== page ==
Apple saw even bigger opportunities ahead.
Cook said that "only a small fraction" of the installed iPhone base had as yet upgraded to 2014's models, and added that Apple drew in its largest-ever number of new-to-iPhone customers as well as the highest "switcher" rate from Android during the quarter. Later, Cook quantified the upgrade rate as in the low-to-mid-teens. "So we're very, very bullish," he said.
Gottheil thought the numbers were evidence that both Apple Pay and the Apple Watch were well-timed. The huge iPhone sales will push even more retailers to adopt Apple's electronic payment technology, he said, and give the Apple Watch -- which Cook said will ship in April -- an even better chance of breaking out of the currently minuscule smartwatch market and into the mainstream.
"The only Watch buyers will be iPhone buyers," said Gottheil, pointing out that the more of the latter the more potential for the former. "And that's good news for Apple. They already have these high-satisfied customers who in many cases have shelled out $600 or $700 or $900, who will pay several hundred more for a Watch."
Apple has only revealed the price of the entry-level Apple Watch, which will list for $349. The Watch will work with the iPhone 6 and 6 Plus, as well as the 5, 5C and 5S. All but the iPhone 5 are still available, so the entire 74.6 million sold in the December quarter were Watch-compatible.
One problem that the big numbers -- whether iPhone unit sales, the money they made Apple or even the quarter's total revenue -- present for Apple is in matching them down the road, always a concern for a publicly-traded company whose stockholders want to see growth, always growth.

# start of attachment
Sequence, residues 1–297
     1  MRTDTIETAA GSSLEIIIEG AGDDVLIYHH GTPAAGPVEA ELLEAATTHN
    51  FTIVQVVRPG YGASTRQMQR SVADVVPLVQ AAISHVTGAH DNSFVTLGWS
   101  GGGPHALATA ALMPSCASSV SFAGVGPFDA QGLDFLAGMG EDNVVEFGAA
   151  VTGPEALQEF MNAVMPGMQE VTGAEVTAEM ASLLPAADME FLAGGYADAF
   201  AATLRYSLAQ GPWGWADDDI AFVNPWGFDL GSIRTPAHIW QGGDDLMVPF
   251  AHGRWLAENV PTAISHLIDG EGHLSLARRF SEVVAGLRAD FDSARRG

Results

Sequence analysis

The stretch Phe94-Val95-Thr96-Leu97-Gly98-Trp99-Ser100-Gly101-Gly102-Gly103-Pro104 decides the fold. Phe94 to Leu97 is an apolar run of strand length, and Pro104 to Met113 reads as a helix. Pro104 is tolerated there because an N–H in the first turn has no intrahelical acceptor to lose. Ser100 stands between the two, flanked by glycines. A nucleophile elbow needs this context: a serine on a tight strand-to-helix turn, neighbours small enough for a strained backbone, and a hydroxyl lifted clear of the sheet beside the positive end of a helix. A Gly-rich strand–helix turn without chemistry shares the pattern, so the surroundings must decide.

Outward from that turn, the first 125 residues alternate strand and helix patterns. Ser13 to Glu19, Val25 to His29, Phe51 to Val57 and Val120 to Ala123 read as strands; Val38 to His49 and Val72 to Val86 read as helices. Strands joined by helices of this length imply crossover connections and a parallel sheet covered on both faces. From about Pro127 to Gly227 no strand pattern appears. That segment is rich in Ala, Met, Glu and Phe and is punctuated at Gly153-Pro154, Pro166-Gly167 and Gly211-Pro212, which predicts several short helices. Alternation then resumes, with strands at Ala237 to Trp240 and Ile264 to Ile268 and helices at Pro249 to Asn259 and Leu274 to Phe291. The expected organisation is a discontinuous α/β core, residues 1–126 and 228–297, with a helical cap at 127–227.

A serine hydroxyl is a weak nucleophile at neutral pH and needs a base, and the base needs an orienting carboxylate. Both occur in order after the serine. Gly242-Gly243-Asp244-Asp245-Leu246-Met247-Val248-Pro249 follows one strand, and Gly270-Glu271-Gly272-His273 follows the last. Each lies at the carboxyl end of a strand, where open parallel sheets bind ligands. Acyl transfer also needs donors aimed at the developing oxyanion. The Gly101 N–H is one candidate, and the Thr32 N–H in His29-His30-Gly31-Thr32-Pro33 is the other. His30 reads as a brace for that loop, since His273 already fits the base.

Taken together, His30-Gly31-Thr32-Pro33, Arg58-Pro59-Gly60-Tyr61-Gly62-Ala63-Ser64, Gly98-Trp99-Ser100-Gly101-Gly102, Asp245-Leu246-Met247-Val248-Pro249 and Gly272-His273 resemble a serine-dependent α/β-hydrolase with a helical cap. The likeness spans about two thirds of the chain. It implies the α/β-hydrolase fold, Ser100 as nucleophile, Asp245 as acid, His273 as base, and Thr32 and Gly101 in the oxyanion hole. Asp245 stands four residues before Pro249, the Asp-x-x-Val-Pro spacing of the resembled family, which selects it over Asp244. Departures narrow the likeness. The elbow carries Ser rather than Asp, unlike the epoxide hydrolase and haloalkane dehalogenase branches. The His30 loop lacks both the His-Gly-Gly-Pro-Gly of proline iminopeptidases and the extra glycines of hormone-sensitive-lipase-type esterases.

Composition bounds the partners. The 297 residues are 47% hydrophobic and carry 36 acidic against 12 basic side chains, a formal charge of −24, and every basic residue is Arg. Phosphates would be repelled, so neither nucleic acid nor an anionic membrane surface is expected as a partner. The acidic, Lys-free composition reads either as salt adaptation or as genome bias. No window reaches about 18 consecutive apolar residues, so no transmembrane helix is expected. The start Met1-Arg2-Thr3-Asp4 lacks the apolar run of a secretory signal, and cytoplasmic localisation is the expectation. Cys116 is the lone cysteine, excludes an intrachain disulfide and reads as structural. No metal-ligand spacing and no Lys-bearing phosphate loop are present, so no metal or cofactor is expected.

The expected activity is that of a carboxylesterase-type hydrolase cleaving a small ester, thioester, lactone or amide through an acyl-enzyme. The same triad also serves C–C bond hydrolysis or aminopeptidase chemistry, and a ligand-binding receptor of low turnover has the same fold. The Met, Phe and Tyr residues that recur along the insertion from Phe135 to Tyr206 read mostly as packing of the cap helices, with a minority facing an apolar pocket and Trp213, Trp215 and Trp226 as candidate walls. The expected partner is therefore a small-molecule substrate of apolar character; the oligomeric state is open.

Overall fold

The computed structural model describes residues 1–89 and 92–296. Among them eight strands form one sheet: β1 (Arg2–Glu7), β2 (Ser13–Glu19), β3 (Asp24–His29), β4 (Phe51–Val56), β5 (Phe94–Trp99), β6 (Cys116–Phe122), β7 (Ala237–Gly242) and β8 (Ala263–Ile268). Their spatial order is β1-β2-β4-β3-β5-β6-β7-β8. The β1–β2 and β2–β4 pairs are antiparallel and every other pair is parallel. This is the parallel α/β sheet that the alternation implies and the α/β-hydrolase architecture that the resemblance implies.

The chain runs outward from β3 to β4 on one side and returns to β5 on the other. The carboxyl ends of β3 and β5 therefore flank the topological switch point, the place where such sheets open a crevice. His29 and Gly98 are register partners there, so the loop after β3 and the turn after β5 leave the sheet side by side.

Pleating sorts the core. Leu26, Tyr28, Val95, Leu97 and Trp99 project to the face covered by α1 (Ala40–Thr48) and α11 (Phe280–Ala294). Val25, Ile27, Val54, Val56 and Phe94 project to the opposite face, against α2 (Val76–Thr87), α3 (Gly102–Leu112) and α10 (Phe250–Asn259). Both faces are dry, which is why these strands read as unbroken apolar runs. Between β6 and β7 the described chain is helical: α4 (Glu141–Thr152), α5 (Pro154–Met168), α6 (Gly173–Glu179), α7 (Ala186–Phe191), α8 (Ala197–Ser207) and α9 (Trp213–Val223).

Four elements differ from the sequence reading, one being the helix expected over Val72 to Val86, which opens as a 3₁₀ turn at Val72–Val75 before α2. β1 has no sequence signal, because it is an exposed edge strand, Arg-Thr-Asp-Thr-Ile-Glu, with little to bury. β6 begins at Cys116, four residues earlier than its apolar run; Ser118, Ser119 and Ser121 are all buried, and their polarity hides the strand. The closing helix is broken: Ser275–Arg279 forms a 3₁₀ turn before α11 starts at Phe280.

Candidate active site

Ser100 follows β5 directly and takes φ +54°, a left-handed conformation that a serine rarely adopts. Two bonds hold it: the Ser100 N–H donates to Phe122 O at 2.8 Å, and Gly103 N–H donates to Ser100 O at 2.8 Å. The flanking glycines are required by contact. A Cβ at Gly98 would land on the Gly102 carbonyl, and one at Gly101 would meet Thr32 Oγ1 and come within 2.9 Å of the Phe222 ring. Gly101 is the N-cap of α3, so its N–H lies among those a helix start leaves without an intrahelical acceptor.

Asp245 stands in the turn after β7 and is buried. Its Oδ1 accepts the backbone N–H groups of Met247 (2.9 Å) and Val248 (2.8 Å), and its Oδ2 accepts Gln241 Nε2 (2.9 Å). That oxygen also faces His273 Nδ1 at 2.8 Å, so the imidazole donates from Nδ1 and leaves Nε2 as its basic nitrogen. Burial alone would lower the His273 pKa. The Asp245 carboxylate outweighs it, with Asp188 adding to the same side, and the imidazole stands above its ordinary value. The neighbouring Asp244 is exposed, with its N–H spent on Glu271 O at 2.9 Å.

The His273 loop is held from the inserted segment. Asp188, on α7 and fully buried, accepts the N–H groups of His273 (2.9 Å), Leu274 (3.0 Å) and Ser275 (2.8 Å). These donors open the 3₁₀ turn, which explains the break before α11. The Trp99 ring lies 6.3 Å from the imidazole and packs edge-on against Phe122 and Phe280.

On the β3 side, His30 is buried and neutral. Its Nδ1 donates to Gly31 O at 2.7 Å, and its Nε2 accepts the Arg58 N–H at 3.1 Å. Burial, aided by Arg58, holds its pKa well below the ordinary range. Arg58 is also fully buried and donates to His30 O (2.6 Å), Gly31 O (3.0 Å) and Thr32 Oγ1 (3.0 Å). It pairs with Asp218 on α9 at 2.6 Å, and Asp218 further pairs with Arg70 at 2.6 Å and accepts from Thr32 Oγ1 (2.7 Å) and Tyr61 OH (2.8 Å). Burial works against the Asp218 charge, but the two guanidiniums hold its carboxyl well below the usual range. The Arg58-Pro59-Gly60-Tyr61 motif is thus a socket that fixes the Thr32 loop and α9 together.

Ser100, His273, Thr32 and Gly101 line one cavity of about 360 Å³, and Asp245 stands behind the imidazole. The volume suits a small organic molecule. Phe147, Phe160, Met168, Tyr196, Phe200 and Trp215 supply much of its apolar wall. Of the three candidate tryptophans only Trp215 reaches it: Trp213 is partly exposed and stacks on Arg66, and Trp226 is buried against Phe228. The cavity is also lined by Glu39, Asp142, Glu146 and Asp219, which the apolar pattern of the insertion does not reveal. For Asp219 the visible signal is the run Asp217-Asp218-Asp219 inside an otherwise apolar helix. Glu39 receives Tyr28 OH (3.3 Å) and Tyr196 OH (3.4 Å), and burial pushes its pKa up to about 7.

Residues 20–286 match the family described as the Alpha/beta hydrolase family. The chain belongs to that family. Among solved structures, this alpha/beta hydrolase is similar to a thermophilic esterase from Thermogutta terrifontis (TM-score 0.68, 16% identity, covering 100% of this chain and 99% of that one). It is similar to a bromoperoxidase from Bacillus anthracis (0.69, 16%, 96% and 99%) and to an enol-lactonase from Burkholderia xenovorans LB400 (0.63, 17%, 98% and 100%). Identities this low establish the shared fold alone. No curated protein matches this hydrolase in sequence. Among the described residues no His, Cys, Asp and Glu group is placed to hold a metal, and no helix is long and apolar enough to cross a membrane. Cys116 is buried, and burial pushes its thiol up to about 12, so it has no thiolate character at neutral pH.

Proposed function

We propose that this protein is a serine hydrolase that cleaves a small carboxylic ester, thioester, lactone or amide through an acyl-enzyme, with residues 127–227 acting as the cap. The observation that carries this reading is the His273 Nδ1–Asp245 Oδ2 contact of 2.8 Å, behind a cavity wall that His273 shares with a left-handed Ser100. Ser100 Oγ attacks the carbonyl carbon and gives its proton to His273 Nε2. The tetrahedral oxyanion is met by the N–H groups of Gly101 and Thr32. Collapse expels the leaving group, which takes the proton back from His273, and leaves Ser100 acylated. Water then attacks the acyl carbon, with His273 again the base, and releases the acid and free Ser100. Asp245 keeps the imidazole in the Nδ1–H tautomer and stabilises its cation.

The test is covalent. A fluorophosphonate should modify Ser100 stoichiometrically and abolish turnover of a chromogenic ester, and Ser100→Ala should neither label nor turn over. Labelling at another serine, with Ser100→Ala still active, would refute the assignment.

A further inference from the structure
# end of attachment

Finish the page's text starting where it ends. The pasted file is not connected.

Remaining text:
It came up in the Q&A section of the earnings call when financial analyst Katy Huberty of Morgan Stanley asked Cook about the sustainability of iPhone demand.
The question was fair, said Gottheil. "I don't think Apple will ever have a quarter like this one in terms of relative growth," he said, even though the absolute numbers can, and will likely be, beaten. There are simply too many headwinds, ranging from slowing growth in the overall smartphone market and Apple's high-priced positioning to fewer major improvements in the technology and Apple's saturation of the world's biggest carriers.
"Apple will settle in for the long haul," Gottheil said, meaning that it will continue to rake in billions, sell millions of iPhones, but probably not be able to reproduce the percentage boom of December.
"Is this peak iPhone?" asked Ben Thompson, an independent analyst whose Stratechery website and subscription has become a go-to resource for many who cover technology.
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